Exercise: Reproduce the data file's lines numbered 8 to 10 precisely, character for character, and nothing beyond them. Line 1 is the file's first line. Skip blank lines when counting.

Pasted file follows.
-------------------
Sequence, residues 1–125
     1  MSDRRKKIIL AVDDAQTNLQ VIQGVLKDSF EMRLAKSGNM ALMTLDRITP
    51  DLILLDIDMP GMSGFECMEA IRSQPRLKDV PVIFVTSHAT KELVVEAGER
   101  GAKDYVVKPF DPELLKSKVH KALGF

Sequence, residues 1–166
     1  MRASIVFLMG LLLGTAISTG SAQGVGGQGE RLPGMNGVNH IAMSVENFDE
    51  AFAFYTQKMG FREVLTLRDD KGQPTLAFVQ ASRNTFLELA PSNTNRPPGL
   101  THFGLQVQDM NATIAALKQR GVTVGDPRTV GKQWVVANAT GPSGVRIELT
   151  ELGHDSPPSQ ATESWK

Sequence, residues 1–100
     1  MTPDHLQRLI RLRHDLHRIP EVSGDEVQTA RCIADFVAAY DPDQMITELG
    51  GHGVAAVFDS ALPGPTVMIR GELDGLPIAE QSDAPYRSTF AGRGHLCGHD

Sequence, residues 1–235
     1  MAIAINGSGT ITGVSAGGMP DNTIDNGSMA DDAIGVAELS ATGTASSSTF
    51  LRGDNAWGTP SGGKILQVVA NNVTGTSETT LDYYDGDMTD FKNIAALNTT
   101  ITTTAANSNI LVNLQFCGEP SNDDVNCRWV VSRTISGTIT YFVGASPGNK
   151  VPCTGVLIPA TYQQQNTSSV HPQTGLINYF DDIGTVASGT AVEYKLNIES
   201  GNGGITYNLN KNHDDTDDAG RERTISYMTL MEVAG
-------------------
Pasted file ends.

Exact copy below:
   101  THFGLQVQDM NATIAALKQR GVTVGDPRTV GKQWVVANAT GPSGVRIELT
   151  ELGHDSPPSQ ATESWK

Sequence, residues 1–100